Biomass is carbon neutral?

Researchers say that depends.

The biomass industry wants an exemption from EPA’s greenhouse gas regulations because, it claims, biomass is carbon neutral. Not that we believe for an instant that carbon neutrality is meaningful, but the biomass industry’s claim has always been suspect.

As explained in this University of Gothenburg media release:

Large differences in the climate impact of biofuels

When biomass is combusted the carbon that once was bound in the growing tree is released into the atmosphere. For this reason, bioenergy is often considered carbon dioxide neutral. Research at the University of Gothenburg, Sweden, however, shows that this is a simplification. The use of bioenergy may affect ecosystem carbon stocks, and it can take anything from 2 to 100 years for different biofuels to achieve carbon dioxide neutrality.

“Using a tree as biofuel creates a carbon dioxide debt that must be “paid back” before the fuel can be considered to be carbon dioxide neutral. Energy forest is fully neutralised after 3-5 years, while other trees grow so slowly that it can take up to 100 years before they achieve carbon dioxide neutrality” says Lars Zetterberg of the Department of Earth Sciences at the University of Gothenburg.

The use of bioenergy affects ecosystem carbon stocks over time in either a positive or negative way. Biofuels where the combustion related emissions are compensated rapidly have a lower climate impact than fuels for which it takes a long time for the emissions to be compensated. Despite this, the difference in climate impacts between slow and rapid biofuels is rarely highlighted in political contexts. Emissions from bioenergy are, for example, not included in countries’ commitments under the Kyoto Protocol.

In his PhD thesis, Lars Zetterberg analyses how different types of biofuels affects the ecosystem carbon stock over time, and the consequent climate impact. The results show that biofuels where the combustion related emissions are compensated rapidly have a lower climate impact than fuels for which it takes a long time for the emissions to be compensated. Results from this study can help decision makers to understand the climate impacts from different bioenergy types in order to prioritize between different bioenergy alternatives.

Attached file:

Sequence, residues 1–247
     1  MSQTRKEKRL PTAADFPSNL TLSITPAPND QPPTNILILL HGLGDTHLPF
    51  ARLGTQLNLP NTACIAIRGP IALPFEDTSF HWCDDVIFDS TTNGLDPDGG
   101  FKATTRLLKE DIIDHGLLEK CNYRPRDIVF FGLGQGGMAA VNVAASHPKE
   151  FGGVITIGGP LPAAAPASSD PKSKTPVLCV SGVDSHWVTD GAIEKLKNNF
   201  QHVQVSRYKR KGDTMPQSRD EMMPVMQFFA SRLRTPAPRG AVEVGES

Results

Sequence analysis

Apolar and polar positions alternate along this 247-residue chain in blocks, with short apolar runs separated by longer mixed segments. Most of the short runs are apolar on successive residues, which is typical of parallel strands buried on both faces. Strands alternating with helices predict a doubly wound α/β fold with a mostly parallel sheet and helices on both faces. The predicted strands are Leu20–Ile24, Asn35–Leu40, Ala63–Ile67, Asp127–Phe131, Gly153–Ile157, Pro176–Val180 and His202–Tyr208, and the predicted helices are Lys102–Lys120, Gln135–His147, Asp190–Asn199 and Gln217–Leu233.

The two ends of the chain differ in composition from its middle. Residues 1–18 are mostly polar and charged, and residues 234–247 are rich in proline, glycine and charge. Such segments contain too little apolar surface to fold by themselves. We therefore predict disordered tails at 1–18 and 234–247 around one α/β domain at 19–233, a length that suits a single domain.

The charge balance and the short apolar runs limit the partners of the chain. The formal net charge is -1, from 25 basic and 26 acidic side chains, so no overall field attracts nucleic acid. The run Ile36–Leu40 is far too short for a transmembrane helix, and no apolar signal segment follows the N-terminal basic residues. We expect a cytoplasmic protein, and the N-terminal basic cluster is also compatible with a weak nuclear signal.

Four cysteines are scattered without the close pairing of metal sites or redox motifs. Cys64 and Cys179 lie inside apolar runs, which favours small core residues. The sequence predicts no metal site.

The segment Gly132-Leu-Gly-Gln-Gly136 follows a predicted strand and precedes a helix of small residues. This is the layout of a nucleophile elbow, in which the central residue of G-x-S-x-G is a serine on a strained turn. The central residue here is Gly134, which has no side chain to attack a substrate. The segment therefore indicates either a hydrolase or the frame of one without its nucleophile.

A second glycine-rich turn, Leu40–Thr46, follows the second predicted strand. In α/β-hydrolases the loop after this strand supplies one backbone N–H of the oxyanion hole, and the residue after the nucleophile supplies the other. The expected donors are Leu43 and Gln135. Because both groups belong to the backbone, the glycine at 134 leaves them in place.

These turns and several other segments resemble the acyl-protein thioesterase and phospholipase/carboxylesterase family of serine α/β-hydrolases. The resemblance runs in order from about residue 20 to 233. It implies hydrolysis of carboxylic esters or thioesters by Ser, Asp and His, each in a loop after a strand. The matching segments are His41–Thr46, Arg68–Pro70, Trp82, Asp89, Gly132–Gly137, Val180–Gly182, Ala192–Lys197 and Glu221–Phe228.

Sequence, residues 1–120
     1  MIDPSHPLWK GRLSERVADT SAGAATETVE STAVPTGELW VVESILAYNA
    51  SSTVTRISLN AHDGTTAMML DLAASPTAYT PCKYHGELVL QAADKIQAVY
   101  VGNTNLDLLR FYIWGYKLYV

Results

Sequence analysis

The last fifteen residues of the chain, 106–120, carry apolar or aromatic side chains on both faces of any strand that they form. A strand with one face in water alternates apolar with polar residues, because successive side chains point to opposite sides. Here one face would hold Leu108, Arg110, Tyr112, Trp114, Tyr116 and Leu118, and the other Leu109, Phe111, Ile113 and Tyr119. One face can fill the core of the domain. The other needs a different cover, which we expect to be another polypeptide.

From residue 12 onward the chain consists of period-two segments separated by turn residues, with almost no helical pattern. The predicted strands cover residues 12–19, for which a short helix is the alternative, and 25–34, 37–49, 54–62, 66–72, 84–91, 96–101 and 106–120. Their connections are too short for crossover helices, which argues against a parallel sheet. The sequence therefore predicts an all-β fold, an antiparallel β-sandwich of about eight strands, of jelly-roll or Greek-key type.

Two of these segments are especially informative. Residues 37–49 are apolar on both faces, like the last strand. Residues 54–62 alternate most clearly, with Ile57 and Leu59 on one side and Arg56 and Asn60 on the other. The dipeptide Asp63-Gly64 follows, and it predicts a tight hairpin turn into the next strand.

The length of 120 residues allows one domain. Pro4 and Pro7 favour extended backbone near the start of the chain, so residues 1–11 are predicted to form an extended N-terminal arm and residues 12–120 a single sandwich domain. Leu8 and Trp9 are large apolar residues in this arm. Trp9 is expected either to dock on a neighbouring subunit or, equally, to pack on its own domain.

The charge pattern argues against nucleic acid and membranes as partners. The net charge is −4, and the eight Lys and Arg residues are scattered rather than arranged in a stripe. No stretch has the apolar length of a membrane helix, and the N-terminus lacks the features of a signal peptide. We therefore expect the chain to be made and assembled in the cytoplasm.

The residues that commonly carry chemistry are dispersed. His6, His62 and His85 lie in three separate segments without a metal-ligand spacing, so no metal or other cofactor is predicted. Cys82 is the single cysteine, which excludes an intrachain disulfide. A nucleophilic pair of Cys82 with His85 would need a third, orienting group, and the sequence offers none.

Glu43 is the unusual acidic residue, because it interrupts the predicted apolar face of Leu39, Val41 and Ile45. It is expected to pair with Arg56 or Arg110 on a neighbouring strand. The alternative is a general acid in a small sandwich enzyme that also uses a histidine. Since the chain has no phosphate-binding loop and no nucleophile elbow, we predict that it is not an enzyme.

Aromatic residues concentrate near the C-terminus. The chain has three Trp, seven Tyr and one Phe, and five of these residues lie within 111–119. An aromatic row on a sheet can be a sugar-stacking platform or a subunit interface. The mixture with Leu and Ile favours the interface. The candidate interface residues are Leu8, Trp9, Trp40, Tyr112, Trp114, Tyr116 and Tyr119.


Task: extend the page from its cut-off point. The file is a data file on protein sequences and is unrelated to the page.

“The time perspective over which the analysis is done is crucial for the result. Over a 100 year perspective the use of stumps for energy has a significantly lower climate impact than coal, but over a 20 year time perspective, stumps have a higher climate impact than natural gas. Using logging residues in the form of branches and tops for energy reduces carbon dioxide emissions in both the short term and the long term.”

If environmental legislation, for instance the EU renewables directive, requires that climate benefits of biofuels are calculated over a 20 year period, biofuels that need longer time to reach carbon neutrality may be regarded as not renewable..

“If we want to do reduce global carbon emissions quickly, we should prioritize fuels that are beneficial on a short time scale, for instance 20 years In addition, over a longer time scale it will be beneficial to replace coal with stumps, even if we will not see a result until after 20 years.”

In the thesis, Lars Zetterberg also addresses how the EU Emissions Trading System should be designed in order to incentivize the use of carbon dioxide efficient fuels.

Burning wood for energy is fine. Using junk science to justify it is not.

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